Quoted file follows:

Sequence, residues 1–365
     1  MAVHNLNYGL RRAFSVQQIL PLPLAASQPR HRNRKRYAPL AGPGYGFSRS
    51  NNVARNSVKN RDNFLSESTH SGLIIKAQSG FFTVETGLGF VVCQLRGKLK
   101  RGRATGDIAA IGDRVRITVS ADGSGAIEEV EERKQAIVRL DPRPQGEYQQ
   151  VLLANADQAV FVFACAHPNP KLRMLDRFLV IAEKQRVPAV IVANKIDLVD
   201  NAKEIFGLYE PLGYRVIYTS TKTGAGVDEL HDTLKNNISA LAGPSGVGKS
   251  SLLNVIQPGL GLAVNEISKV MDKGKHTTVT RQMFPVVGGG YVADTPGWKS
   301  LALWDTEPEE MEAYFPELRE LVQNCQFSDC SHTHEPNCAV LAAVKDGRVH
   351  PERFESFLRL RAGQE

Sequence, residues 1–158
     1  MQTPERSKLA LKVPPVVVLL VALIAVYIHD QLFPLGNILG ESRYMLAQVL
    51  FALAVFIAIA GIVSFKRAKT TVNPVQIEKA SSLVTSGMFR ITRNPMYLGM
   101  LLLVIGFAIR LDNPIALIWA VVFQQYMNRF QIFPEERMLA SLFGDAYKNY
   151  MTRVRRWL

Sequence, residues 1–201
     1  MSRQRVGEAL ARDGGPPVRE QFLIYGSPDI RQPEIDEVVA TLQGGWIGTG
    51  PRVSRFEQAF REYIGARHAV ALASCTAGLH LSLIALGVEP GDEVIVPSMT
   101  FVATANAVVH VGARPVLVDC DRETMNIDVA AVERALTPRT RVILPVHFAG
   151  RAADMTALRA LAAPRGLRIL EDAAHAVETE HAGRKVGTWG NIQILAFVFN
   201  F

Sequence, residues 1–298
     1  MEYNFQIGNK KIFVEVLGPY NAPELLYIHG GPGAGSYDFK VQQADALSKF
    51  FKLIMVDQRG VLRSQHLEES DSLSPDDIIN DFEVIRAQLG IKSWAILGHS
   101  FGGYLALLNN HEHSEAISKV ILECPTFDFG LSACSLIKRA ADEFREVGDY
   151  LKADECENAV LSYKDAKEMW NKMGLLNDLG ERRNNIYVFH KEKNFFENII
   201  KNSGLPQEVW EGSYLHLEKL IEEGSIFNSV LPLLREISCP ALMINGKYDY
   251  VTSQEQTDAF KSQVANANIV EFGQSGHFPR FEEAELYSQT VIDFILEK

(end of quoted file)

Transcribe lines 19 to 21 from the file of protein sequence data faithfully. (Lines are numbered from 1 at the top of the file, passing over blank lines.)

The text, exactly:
   151  RAADMTALRA LAAPRGLRIL EDAAHAVETE HAGRKVGTWG NIQILAFVFN
   201  F

Sequence, residues 1–298